In addition to some very poignant national security musings, memorable moments included Henry’s early interactions with Van Halen, interviewing Christopher Walkin (and finding NO difference between Walkin the character and Walkin the real person), and some really excellent banter regarding the defense of gay marriage. Henry also has his own radio show where he pulls out his old vinyl and plays it, (check it out here, it’s pretty great). The best story was Henry enlightening the audience about The Ruts, the british punk band who created one of the first ska/punk sounds in the late 70’s. They lost their lead singer to heroine before they could produce a second album and the band never reclaimed their initial path to stardom. The band’s guitarist, Paul Fox, was diagnosed with lung cancer over the summer (and sadly died a few weeks ago). The Ruts reuninited to create a benefit concert and Henry was asked to perform as the vocalist. He described the concert as containing one of the best moments of his life: singing onstage with many of his punk rock idols. I was really moved by his story and so, of course, I looked it up on youtube and found it amazing. Here is my favorite:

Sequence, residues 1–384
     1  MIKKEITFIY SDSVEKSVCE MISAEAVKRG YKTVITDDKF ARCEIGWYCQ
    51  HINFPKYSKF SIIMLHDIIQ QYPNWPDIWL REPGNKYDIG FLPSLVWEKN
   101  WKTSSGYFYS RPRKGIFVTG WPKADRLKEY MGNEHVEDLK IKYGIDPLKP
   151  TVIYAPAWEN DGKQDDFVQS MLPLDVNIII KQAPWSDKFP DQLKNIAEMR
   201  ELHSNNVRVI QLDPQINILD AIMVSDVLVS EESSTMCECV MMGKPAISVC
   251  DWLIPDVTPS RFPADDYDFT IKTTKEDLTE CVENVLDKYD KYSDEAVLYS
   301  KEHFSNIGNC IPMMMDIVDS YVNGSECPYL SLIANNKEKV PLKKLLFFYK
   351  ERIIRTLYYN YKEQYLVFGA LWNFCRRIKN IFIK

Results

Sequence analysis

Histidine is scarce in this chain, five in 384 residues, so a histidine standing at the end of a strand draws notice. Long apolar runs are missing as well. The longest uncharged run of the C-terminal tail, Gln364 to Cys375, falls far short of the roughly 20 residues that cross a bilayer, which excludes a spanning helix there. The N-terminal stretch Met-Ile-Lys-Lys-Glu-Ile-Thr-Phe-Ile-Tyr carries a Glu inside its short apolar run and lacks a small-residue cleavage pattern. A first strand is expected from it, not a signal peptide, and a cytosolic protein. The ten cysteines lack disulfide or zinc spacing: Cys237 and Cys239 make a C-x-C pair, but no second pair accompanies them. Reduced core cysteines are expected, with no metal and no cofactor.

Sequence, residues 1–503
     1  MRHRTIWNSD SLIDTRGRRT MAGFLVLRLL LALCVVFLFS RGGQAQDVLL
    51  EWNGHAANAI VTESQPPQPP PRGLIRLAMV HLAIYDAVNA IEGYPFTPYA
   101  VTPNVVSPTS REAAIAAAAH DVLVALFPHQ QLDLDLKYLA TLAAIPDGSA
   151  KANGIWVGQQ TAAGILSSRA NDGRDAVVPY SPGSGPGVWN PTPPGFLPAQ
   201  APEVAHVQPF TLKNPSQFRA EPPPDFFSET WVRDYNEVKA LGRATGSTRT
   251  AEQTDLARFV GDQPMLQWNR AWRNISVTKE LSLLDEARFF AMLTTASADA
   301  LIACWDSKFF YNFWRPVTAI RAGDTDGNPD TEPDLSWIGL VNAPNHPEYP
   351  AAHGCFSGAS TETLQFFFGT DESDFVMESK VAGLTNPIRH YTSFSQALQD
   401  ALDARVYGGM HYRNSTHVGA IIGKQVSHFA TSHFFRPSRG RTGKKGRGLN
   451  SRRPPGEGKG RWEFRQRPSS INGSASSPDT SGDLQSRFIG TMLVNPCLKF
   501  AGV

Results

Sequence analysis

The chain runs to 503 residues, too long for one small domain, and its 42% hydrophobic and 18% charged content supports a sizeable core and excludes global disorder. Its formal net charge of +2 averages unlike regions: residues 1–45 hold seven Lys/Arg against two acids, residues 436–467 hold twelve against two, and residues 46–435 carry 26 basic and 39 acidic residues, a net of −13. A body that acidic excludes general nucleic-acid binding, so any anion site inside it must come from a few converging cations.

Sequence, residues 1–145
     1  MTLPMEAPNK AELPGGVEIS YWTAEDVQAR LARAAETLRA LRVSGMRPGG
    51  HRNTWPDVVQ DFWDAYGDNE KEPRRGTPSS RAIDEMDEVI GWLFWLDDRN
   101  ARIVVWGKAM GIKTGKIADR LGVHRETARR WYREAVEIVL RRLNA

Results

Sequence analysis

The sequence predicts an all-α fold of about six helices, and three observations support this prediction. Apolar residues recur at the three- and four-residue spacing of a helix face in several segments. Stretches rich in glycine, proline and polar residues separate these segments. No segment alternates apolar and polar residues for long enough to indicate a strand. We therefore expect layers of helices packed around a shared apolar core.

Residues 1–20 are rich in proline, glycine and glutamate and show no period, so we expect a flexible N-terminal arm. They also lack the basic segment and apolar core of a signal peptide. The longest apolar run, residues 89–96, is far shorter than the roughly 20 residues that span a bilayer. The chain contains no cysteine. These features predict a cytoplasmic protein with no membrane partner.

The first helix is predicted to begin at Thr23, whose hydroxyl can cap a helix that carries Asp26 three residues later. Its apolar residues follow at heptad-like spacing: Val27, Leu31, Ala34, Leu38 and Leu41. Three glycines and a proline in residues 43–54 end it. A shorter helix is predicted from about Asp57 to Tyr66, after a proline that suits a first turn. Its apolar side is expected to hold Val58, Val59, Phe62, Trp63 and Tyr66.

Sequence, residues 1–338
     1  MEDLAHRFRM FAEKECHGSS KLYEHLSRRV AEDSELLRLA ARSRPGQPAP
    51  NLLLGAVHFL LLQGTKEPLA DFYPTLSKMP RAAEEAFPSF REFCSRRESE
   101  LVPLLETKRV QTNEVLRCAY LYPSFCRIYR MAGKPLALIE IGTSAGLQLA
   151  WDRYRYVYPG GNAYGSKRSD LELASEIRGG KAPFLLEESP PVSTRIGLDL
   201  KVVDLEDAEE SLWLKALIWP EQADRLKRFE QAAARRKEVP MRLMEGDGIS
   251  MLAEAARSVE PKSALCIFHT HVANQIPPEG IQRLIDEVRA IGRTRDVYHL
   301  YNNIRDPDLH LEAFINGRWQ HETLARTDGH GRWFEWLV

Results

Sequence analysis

Thu 1 Nov 2007
I was walking around the neighborhood today and right in the middle of the sidewalk was a distraught young couple. They looked about 15, the girl had dirty white jeans on, the guy had an enormous coat. They were talking intently and seriously, standing very closely together. They stopped talking when they saw me coming and the girl coolly stepped aside a few inches to let me pass–it didn’t matter, the whole neighborhood new they were in terrible love. A few feet away from the couple lay a torn up letter. “Aha,” I thought to myself. “Love’s truth laid out in a note.” On my way back from my walk I found the couple gone but the letter still on the ground. The first page was torn into little biddy pieces, but the second page remained intact:
“So when your in tacoma don’t talk to no guys, or you will break our love and our love will die. I’ll do the same and not talk to women, so it’s just gonna be Mark-n-Fern to the end.”